Excellent report Wanderlustr. My advice, since no one else is offering, is what I've done for years when solo bow hunting elk in warm weather. You stay reasonably close to your vehicle. My limit, (terrain matters) is 1-3 miles. You have to pick your poison, do you want to Wandr off into the hinterlands and get away from the madding crowd, (nothing wrong with that, as your report shows), or do you want a couple hundred pounds of sweet, lean, healthy, elk venison in your freezer? It's a no brainer for me, I can go "rambling" any time I feel the urge. (Wish S E X was as simple) but opportunities to fill the larder are determined by F&G, fleeting, and expensive, so I make those moments count, not that they aren't great experiences in their own right, but putting food on the table makes them practical matters too. You need to decide at the outset if bringing meat home is a priority. If it is, and you want to hunt 10 miles in, then thinking positive is paramount, i.e., make arrangements in advance for that string of pack horses, mules, Boy Scouts, Kifaru drinking buddies, coolers and ice at the truck, processing arrangements made............There is no finer meat in the world than meat you've harvested and processed in such a manner, as many here will attest to. Keep those broadheads sharp!

Wanderlustr
09-25-2009, 08:39 AM
Thanks for the kind words.
As for filling the freezer - when I was heading out my wife just kept saying "why?" We still have plenty of elk left from last years hunt. But you know its a guy thing I guess - fall comes..... and I get the itch.
I had big coolers ready to go in the truck and friend with extra freezer space offers but no strong backs at the ready.
I figured if it was a record book monster the other archers I had befriended along the way would understand and possibly help out for a day but nothing firmly agreed on. So I held off.

Smokepole
09-25-2009, 08:45 AM
Well, since you asked for suggestions, I don't have any, except to try and find some willing horse packers before the hunt. If you're solo, even then, being 6 miles in with the time needed for the walk out and drive out to let them know they're needed and they fact that they might not be able to just drop everything and ride in to help you you're taking a risk. I think you showed remarkable restraint. Many in the same position (a bull in camp first thing in the morning) would have shot first, and worried about the consequences later. The other suggestion is to reserve the long-distance forays for those times when you're lucky enough to have a partner to help with the hauling.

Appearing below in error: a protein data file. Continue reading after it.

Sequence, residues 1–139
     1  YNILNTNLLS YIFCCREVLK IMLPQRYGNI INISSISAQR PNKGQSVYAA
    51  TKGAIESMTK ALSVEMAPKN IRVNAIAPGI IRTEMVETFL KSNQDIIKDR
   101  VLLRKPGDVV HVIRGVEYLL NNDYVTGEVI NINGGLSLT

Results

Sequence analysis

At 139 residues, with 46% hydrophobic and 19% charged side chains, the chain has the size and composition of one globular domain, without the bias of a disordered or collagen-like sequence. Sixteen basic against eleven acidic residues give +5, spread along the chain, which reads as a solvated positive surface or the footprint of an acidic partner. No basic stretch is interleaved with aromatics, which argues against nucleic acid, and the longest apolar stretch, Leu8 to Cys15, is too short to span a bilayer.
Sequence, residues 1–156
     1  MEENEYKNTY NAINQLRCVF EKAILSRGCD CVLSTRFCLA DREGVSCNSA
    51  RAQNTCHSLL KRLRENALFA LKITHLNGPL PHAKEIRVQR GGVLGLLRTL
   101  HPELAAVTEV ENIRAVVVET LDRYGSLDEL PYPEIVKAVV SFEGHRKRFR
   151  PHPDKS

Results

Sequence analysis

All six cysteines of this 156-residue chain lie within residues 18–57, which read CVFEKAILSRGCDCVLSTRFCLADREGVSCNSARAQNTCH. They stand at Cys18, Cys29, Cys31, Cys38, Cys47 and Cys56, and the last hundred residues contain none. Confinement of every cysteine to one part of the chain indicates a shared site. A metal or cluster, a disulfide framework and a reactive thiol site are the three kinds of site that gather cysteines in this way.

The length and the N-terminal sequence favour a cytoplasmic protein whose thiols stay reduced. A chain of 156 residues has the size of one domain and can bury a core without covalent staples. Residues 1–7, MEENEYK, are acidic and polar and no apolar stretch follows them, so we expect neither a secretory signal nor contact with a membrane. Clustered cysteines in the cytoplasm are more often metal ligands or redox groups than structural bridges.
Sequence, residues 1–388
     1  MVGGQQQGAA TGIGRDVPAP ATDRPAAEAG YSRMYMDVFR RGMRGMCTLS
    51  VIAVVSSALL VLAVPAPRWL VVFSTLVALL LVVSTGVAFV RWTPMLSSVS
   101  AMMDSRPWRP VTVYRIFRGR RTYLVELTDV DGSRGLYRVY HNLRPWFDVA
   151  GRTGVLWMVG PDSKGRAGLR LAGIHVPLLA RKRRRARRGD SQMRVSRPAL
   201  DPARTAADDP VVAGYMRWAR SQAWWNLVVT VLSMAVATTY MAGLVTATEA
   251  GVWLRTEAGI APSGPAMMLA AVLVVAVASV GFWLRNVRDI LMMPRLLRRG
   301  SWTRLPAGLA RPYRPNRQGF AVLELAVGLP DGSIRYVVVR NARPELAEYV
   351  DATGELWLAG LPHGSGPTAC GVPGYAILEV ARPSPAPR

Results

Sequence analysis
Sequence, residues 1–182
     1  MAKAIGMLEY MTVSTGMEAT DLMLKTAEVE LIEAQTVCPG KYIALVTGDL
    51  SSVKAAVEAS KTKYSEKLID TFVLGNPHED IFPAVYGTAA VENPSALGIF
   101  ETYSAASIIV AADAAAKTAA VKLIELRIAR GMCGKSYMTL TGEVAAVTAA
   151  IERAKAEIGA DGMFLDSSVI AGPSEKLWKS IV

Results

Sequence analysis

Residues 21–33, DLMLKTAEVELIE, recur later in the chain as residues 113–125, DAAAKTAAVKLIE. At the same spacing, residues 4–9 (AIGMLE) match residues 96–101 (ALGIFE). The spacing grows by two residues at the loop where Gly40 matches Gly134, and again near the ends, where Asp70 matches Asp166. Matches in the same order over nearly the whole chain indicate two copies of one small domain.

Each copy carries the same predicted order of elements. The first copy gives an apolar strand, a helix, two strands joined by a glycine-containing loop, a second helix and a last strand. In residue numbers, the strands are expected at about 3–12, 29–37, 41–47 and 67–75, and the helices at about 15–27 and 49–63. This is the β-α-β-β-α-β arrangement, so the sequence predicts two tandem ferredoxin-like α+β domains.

As far as how long you've got, I think a lot depends on how much it cools off at night and whether you have a north-facing shady area to hang meat during the day. If it gets down near freezing at night to cool the meat and you have a shady spot for hanging during the day, IMO the meat will be OK for one or two warm days but beyond that is pushing it. So you could theoretically anyway haul out a load on day 1, walk back to camp with an empty pack, and haul out load #2 on day two. I always have a marine cooler in the truck with block ice, so that means at least the first two loads out would be OK but I think the third load would be pushing it.

Sounds like a great hunt though, not only the rambling and scenery but passing up an animal like that IMO is the same as killing one in terms of the achievement, i.e., getting close enough for a quality shot. You did good!!!!

Wanderlustr
09-25-2009, 08:57 AM
The other point of interest was most of the other guys were using Rino 530 GPS's and whether together or not all (if they wanted) knew of each others locations and if someone needed help they were communicating via text or voice with each other. This was something I had not thought of and I have since added it to my quiver of tools to take. My old etrex served me well but I can see this as a very useful tool especially out alone like I am usually.

snakey2
09-25-2009, 10:14 AM